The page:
There are definitely people of note here. Not only the Medal of Honor receiptents, but the daughter of Francis Scott Key, sailors from Russia who volunteered to help fight the fires in SF after the earthquake. You just know, each of those gravestones represents a story.

Tremendous bravery should not be forgotten.

They are asking for volunteers who have expertise with roses as one of the long list of needs you will find on teh Preserve's website. The fences lining the cemetery are dotted with beautiful roses.

What we learn from the past helps to give us perspective now and wisdom in the future.

Once we parked the car, we took off on foot to explore this very interesting place. Here is a view up the Carquineas Straits.

Here's a sailboat heading up to Vallejo, and it isn't even the big weekend!

The Vallejo Ferry

Near the top there is a sculpture built in 1996 after the closure of the base. The sculpture replicates a hull of a boat and on it hands "dog tags" representing the ships that had been built here, or worked on here. The tags dance in the wind making a soft metallic background sound.

Throughout the preserve there are lovely little benches where you can sit and reflect.

Or take a self portrait.

Or a photo of your sweetie.

The ship

Glenn looking over to Vallejo and the old Naval shipyard at Mare.

Mt Tam in the distance. You can see seven countries from the top of Mare Island.

Two adventurers...

And off he goes.

Looking out to the north west.

Over to the East

The grass with foxtails and stickers find a way of getting a ride with you...

We wandered down to a pump station where an old reservoir sits stagnant.

What could possibily lie in the depths here?

A ha! We should have read the signs as we came into the preserve.
Rattlesnakes and TICKS!
I had a feeling in my stomach as we walked through the grass there could be a snake somewhere. I calmed my fears by noting that Glenn was walking through the grass ahead of me!

Old homes ... abandoned.

Along the waterfront, some of the warehouses are being used, including one that was full of PODS (those moving containers you see everwhere).

Here at dry dock the first aircraft carrier was built. I don't know if it was this particular dry dock there are several.

Glenn says there is a group of people who started an organization called "Save the sails". They are referring to the "sails" on submarines like this one.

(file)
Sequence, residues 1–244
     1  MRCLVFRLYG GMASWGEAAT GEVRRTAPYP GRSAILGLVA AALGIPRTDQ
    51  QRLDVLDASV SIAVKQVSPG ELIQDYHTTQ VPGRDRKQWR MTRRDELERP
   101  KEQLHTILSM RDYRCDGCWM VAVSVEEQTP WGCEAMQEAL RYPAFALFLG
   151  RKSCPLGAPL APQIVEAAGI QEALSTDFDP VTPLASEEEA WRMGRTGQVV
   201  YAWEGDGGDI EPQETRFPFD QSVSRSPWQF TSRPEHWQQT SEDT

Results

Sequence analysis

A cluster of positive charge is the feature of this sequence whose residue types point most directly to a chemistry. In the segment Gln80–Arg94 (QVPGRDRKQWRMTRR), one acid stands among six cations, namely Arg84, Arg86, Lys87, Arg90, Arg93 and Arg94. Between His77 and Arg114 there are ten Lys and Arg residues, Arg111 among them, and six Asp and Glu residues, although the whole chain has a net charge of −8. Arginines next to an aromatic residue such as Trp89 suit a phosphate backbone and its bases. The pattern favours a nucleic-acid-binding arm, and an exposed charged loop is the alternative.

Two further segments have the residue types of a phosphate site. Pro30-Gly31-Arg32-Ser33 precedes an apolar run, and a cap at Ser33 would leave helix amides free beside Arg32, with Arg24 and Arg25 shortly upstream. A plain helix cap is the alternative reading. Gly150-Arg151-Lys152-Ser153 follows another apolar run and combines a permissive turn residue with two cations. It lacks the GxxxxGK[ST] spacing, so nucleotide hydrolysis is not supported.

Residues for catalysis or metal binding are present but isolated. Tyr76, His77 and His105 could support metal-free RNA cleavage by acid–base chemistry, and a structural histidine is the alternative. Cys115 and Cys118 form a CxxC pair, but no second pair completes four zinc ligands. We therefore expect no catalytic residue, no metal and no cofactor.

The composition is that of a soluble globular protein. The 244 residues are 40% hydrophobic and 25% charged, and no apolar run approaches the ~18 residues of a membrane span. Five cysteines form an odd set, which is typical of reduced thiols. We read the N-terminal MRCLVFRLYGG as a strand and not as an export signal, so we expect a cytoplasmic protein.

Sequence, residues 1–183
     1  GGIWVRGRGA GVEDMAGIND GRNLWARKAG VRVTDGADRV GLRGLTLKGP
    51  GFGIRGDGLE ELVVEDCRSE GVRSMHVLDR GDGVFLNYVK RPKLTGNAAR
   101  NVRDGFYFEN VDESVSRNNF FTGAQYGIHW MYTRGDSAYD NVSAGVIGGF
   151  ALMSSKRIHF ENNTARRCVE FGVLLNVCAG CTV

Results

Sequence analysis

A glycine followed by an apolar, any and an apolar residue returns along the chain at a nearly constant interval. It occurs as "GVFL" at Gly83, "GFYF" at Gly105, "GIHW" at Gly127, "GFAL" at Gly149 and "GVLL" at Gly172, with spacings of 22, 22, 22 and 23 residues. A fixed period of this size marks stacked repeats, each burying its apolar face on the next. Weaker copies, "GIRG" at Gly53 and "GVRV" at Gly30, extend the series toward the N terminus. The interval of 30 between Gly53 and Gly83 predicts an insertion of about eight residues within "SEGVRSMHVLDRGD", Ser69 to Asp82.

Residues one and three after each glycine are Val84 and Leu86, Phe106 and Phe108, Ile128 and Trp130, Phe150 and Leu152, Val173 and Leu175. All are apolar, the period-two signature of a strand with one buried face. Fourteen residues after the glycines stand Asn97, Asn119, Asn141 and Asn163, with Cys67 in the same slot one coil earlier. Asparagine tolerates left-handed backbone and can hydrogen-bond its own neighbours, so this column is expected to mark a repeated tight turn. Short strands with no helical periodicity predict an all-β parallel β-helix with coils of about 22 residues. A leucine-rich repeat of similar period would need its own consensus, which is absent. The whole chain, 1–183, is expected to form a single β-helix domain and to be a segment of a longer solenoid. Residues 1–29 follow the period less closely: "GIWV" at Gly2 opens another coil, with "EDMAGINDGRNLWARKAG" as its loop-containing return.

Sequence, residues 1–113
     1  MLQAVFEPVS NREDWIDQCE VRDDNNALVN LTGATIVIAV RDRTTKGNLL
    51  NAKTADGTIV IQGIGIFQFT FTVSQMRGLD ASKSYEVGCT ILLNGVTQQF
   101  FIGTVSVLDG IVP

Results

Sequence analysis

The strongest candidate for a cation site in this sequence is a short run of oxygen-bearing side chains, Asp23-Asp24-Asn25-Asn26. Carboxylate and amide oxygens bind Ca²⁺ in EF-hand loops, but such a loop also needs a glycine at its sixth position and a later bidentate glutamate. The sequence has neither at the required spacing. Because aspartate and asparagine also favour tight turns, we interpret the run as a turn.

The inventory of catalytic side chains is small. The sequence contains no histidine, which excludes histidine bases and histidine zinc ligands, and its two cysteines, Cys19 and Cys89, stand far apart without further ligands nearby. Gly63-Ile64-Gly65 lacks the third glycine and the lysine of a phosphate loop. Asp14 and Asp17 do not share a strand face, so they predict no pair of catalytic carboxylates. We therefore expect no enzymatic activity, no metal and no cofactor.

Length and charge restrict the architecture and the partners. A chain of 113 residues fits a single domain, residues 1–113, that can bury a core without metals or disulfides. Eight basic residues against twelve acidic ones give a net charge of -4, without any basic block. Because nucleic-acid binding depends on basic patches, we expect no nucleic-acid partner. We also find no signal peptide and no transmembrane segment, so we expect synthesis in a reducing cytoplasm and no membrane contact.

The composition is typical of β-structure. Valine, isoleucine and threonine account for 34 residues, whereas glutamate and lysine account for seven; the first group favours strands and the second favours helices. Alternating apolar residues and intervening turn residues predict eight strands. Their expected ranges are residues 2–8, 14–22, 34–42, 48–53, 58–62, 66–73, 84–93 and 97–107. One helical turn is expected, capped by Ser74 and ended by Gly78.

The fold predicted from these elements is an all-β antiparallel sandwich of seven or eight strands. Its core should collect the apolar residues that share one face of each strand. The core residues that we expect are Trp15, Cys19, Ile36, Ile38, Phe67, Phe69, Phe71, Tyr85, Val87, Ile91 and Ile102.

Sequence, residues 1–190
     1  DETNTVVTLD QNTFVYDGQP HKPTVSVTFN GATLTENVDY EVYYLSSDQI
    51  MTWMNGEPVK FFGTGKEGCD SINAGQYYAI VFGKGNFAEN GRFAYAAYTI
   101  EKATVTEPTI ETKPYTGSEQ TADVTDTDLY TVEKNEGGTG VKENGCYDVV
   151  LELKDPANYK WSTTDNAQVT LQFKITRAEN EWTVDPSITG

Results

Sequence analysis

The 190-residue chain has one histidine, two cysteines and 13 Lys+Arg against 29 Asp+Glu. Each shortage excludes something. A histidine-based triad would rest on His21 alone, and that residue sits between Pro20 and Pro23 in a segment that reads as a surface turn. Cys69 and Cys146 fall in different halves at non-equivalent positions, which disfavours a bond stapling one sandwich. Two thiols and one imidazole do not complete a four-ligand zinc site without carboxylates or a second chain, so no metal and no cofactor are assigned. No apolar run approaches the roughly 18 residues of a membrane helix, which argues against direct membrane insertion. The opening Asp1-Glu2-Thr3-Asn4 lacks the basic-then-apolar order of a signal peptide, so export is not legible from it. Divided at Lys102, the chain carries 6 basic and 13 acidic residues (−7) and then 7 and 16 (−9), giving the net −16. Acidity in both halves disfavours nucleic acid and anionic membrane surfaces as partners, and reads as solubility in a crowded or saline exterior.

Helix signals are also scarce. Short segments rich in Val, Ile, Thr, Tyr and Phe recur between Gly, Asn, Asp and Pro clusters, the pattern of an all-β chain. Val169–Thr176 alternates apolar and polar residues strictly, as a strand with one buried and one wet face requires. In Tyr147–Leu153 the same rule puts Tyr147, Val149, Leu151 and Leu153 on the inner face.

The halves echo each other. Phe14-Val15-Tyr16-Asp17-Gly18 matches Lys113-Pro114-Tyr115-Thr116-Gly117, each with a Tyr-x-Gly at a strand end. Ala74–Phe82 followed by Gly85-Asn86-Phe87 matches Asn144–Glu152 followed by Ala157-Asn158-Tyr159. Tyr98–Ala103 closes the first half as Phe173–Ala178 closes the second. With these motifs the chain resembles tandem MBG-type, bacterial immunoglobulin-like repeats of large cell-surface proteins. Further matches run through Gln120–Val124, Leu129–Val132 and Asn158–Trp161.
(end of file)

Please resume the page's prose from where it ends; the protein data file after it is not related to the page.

This boat is a LCS (Landing Craft Support) also known as the "mighty midget". This is for its size the most heavily armed ship built per tonnage. There were several BIG guns and some ex-Navy people were busy restoring this one. Originally built in Portland, the ship served in the Pacific in 1945, then eventually given to the Thai Navy, who returned it to this groupl a couple of years ago.

Take aim at that car.


I have my sights on the blue sky.....

A volunteer showing Glenn something on the conning tower.


This original battle flag was discovered in the luggage of an old sailor who had put it away instead of destroying it by burning which is the protocal. The flag took a journey to the Smithsonian, before being returned to the ship. In the stars are written the battles that this ship participated in.

Since Mare Island is conveniently on the way to the wine country, Glenn and I finished our adventure by stopping at Gloria Ferrer for some sparkling wine. Ahhhh....

On the way home I noticed a tick on my fanny pack... this I flicked out the door of the car. I didn't suppose there would be others. But when we took a long soak in our tub, one floated to the top of the water, then another...and finally (I think) I pulled one out of my arm...
Now I will have to wait a few days to see if the sucker had Lyme's disease or not.
NOTE to all those going to Mare Island. Put on big repellant, and wear light colored clothes and CHECK for ticks..... They are there, and they do bite.

So now you see how toast can lead to ticks, can lead to toasts again....

Do you see the danger I face in training for the 3 day?!

Have you made your donation? If not to me at

Then here....